Tuesday, April 20, 2010


I'm about a quarter of a way through my Computer Based Training, and I'm getting more and more excited. I can't believe that in 6 weeks I'm going to be back flying the line. I haven't forgotten as much as I was afraid of and as little things come back to me I get this thrill of "oh yeah! I remember this! I can't wait to do this with the real airplane again!"

Last night I studied the Electronic Information System (EIS) and the Auxiliary Power Unit (APU). The EIS contains all the screens in the cockpit that we receive information on. In the A320 there are 4 screens.


The pair on the left are the captain's PFD (primary flight display) and ND (navigation display). On the right side are the first officer's PFD and ND. The two screens in the middle are the engine and warning display (E/WD) and the systems display (SD). Almost all the information we need in flight are on these 6 screens. You can use a control panel to change the system you view on the SD. It's one of the reasons I love the Airbus -- everything is presented in such a clear fashion.

The APU is what normally provides power and air conditioning when the engines aren't running. More commonly now we use external power and air for these functions as the APU burns fuel. It's basically a small jet engine mounted in the tail. It's geared into a generator that provides enough power for important systems while on the ground. It also provides the electricity and air needed to start the first engine. If you've ever been on a flight where the crew had to start an engine at the gate, this was probably because the APU was inoperative. I have had this happen a few times. I don't like flying without one because you've effectively lost a backup generator in case you have an engine failure. However, a broken APU isn't a good enough reason to cancel a flight!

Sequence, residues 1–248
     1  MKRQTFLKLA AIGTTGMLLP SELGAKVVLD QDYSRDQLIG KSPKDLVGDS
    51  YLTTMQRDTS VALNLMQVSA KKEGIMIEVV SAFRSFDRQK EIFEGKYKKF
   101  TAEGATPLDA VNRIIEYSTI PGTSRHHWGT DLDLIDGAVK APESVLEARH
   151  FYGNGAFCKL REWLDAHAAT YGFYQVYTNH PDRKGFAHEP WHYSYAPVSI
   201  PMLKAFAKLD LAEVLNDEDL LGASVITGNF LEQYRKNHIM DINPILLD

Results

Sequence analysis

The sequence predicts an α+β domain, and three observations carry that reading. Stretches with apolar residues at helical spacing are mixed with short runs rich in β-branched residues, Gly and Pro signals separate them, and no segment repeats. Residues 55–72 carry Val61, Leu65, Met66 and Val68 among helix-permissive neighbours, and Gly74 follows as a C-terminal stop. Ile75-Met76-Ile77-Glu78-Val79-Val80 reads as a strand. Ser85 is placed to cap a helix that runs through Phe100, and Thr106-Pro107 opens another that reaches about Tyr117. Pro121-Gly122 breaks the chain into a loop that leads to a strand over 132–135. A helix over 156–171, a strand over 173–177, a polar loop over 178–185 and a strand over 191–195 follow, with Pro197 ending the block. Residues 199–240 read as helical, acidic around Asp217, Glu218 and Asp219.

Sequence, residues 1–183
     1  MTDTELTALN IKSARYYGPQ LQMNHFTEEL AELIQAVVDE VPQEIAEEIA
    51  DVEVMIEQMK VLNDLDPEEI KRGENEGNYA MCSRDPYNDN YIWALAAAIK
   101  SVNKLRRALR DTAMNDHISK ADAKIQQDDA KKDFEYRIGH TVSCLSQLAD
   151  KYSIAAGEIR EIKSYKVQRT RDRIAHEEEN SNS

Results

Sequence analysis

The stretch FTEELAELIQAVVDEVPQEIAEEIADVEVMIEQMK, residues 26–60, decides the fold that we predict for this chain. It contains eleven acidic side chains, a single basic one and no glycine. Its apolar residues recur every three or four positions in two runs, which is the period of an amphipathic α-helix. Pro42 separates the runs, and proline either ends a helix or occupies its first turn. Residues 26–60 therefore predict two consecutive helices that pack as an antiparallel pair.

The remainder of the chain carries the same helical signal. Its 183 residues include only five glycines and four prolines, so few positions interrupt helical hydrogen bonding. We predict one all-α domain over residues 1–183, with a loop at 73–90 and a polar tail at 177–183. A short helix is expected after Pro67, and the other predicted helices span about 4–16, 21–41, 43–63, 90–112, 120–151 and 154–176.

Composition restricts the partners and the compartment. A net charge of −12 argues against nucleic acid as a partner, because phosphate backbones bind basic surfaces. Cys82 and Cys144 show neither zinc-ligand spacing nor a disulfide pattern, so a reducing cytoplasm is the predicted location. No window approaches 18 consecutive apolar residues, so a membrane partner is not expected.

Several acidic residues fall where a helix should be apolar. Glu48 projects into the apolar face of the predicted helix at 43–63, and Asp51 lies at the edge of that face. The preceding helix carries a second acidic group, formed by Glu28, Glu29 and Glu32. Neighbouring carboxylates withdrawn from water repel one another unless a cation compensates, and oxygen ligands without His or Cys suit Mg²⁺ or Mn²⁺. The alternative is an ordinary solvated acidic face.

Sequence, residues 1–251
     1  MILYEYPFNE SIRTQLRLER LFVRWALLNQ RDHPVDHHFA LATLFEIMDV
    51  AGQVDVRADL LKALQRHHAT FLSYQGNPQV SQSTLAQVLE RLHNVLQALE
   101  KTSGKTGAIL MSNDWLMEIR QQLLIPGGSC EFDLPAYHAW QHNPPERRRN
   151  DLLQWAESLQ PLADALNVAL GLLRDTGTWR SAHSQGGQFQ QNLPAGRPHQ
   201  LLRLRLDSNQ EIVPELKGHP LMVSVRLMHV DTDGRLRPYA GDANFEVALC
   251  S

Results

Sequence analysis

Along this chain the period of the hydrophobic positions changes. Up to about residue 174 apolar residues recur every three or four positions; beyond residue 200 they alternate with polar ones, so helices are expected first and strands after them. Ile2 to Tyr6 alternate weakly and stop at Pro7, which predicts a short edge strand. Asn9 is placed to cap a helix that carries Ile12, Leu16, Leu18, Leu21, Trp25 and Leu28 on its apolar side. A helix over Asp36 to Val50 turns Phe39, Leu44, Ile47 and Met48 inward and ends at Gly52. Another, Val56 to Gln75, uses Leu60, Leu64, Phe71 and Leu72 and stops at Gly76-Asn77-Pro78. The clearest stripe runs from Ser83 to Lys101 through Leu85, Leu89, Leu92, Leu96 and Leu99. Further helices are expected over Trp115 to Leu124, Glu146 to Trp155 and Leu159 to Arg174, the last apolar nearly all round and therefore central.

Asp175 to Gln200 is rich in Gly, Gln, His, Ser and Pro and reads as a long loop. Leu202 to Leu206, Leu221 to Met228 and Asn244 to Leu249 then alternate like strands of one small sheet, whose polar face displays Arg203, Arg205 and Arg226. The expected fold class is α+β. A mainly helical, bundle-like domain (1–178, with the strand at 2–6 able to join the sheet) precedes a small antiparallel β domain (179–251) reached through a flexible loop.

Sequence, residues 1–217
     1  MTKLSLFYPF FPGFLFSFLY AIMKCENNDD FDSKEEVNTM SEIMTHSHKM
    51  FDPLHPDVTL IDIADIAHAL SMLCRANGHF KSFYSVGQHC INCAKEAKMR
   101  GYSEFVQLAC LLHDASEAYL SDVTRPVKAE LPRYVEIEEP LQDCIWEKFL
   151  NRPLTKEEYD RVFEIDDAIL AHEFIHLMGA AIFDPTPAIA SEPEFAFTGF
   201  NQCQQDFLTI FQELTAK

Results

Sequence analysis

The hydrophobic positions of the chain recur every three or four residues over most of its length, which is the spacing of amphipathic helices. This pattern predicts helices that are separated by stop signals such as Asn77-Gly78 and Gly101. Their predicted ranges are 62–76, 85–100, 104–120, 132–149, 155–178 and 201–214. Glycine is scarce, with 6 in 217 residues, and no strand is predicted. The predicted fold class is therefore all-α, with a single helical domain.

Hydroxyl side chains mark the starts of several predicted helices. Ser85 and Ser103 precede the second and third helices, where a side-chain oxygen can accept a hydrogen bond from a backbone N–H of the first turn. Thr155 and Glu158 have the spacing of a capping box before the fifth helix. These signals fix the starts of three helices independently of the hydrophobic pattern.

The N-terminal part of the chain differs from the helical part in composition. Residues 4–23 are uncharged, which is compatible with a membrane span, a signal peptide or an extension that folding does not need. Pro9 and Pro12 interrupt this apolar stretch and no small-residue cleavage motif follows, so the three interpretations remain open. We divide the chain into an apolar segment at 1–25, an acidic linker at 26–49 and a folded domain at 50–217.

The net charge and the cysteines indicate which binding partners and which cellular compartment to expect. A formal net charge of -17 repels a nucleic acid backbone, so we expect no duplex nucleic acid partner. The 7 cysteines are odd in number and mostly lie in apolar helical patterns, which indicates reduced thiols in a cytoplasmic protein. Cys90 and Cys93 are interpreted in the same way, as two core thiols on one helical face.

Tonight's topics: the electrical, fire detection and GPS navigation systems. I'm so happy that I may do another section tonight. I love learning aircraft systems and I love this airplane! I can't wait to fly one again.


Wayne Conrad said...

I love that picture.

Who decides how the displays are configured (that is, which one displays which system or info page? Is that specified in company procedures, or is it up to the pilots? Or a little of both? Does the plane itself ever automatically configure the displays?

Mikel said...

The screens default to certain positions and some change depending on what phase of flight you are in or if there is some sort of abnormal with a system.

If one of the screens happens to break the pilots can display its information on another screen.